Bishop James Conley, head of the
Catholic Diocese of Lincoln, Neb.
(Diocese of Lincoln.)
Although not a few Catholic bishops and lay theologians have asked Pope Francis to clearly state whether his letter on the family, Amoris Laetitia, permits divorced and remarried Catholics to receive Holy Communion at Mass, Bishop James Conley, who heads the Diocese of Lincoln, Neb., has made it crystal clear to all his priests that couples in such situations -- objectively in a state of adultery -- are not to receive the sacrament.
"The Lord calls those who are divorced and civilly remarried, or who are cohabiting, to continence," said Bishop Conley in a Dec. 5 letter to the priests in his diocese. "Like every person conscious of grave sin, divorced and civilly remarried Catholics who engage in ongoing sexual relationships may not approach Holy Communion."
According to Catholic Church teaching, any sexual act outside of a valid marriage between one man and one woman is a serious, or mortal sin. Such acts could include adultery, fornication, masturbation, or the use of contraceptives, among other things. If a Catholic sins in such a way, he must sincerely repent, go to confession, and then seriously resolve to not commit that sin again. If a couple in a valid marriage divorces and then neither spouse remarries, each one is free to go to Communion. However, if one (or both) of them civilly remarry, and live as married couples do, they are considered to be in a state of adultery.
A Catholic woman receives Holy Communion. (AP)
The Church in its Catechism states that "a new union cannot be recognized as valid, if the first marriage was. If the divorced are remarried civilly, they find themselves in a situation that objectively contravenes God's law. Consequently, they cannot receive Eucharistic communion as long as this situation persists. For the same reason, they cannot exercise certain ecclesial responsibilities.
"Reconciliation through the sacrament of Penance can be granted only to those who have repented for having violated the sign of the covenant and of fidelity to Christ, and who are committed to living in complete continence."
Couples that civilly remarry and live as brother and sister, in continence, may present themselves for Communion.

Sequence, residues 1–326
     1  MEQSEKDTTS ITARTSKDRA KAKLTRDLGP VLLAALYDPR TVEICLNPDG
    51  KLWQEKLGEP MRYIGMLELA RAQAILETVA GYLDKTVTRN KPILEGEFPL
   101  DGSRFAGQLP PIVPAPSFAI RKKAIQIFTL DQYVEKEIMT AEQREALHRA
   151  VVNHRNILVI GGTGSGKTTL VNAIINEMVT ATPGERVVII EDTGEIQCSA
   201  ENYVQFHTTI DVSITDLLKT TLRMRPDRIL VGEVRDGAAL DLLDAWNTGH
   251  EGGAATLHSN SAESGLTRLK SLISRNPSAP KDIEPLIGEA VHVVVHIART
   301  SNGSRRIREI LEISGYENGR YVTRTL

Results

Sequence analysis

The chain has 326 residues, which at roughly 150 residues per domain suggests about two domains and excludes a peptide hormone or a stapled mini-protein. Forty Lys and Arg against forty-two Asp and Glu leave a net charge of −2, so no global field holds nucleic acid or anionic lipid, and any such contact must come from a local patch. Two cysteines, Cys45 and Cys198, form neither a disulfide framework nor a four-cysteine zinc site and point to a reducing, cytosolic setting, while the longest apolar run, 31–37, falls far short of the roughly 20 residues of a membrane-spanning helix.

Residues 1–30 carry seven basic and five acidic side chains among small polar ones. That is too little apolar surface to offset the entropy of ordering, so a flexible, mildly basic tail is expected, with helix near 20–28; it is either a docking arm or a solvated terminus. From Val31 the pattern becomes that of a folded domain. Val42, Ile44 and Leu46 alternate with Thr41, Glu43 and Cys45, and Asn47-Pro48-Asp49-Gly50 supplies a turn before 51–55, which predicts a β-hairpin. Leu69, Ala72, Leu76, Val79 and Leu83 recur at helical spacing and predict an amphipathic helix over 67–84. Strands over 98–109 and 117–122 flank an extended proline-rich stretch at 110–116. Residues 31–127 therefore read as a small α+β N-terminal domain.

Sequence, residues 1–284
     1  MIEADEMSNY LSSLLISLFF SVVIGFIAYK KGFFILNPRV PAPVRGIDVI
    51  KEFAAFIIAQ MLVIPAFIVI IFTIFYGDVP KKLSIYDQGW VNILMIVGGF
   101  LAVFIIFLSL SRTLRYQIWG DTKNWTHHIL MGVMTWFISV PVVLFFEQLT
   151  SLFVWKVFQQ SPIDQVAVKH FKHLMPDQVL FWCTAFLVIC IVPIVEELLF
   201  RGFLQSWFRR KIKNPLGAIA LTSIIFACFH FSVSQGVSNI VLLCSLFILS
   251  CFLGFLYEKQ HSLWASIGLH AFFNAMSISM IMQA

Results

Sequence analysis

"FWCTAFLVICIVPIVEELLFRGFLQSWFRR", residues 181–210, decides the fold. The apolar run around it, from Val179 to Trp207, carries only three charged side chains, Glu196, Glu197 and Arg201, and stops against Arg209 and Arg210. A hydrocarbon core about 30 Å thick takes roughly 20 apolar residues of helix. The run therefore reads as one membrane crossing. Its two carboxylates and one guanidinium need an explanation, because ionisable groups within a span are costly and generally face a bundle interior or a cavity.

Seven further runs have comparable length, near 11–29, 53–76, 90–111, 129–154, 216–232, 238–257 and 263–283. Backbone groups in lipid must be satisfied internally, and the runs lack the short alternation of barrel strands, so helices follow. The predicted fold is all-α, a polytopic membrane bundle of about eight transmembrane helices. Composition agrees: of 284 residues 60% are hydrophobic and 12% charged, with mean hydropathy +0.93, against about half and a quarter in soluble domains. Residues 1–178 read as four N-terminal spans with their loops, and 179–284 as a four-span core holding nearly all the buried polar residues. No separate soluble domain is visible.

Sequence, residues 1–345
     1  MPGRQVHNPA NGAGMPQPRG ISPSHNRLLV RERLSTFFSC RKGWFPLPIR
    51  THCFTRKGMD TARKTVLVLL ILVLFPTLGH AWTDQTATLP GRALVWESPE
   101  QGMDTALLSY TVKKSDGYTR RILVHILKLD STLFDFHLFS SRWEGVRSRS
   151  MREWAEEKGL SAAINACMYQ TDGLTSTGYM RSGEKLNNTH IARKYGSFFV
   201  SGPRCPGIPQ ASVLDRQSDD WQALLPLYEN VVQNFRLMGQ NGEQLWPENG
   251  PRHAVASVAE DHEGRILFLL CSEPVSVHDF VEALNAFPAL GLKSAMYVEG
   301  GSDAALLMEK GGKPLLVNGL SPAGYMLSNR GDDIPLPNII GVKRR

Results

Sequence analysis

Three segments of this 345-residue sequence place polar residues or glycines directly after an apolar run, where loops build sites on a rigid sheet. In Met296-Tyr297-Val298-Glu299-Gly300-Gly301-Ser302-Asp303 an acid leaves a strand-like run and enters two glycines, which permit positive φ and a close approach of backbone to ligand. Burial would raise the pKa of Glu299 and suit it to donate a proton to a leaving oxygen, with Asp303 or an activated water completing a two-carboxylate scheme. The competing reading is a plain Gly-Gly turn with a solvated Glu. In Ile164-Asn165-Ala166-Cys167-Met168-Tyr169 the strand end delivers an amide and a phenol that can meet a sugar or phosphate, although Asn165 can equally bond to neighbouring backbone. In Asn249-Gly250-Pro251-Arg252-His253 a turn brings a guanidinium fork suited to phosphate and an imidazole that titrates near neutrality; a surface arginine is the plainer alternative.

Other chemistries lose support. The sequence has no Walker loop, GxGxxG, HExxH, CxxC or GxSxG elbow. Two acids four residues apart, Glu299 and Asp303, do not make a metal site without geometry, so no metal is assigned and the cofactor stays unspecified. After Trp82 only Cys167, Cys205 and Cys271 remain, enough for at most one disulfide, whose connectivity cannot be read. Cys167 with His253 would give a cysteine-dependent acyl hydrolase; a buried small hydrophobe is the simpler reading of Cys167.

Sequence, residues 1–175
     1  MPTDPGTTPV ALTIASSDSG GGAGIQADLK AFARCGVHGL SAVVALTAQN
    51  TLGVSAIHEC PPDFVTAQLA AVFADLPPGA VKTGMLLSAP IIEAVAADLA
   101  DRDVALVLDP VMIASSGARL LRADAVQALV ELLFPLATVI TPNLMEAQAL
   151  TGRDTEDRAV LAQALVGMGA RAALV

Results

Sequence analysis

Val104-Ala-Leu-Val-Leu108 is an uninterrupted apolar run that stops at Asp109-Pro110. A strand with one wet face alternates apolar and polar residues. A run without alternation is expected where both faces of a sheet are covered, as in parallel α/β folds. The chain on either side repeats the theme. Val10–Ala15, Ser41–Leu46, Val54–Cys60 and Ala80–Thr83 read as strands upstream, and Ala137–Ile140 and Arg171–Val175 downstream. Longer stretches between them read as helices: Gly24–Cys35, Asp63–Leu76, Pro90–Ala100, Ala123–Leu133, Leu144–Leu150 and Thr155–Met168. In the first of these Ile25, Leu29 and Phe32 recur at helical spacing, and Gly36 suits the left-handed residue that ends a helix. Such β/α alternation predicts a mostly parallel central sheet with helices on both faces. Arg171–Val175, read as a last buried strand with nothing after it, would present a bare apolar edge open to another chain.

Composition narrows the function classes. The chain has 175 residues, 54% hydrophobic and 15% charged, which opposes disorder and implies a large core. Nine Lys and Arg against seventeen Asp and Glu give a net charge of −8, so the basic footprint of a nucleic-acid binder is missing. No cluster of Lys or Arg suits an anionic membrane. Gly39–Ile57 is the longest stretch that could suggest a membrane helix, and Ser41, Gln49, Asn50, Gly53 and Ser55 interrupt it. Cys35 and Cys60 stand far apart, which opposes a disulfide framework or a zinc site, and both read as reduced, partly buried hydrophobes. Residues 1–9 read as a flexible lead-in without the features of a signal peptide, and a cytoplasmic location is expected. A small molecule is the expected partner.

The Pope's letter, Amoris Laetitia (The Joy of Love) is ambiguous in several areas and apparently leaves open the possibility for divorced/remarried Catholics to receive Communion, which is contrary to millennia-old Church teaching. Several German bishops and Argentinian bishops have said this is the intent of Amoris Laetitia. Also, the bishop of San Diego, Robert McElroy, has instructed his priests to gove Communion to the remarried. Further, he has instructed them to embrace "LGBT families."
At least five cardinals of the Church and 23 theologians and Catholic intellectuals have publicly called upon Pope Francis to clearly state, yes or no, whether his letter allows for divorced/remarried couples to receive Communion. the cardinals have also asked the Pope to clarify several other ambiguous sections in Amoris Laetitia. To date, Pope Francis has not responded.
Pope Francis. (AP)
At leasy one high-ranking Vatican official, Rev. Pio Vito Pinto, has threatened the cardinals for publicly asking for a clarification of the document.
In his Dec. 5 letter to his priests, Lincoln Bishop Conley also said, "I ask each one of you to continue praying for the Holy Father, who is Christ’s vicar on earth. I ask you to pray for the Church’s bishops, unworthy successors of the apostles. And I encourage you to continue to lead the Church in fidelity, in charity, in hope, and in peace.”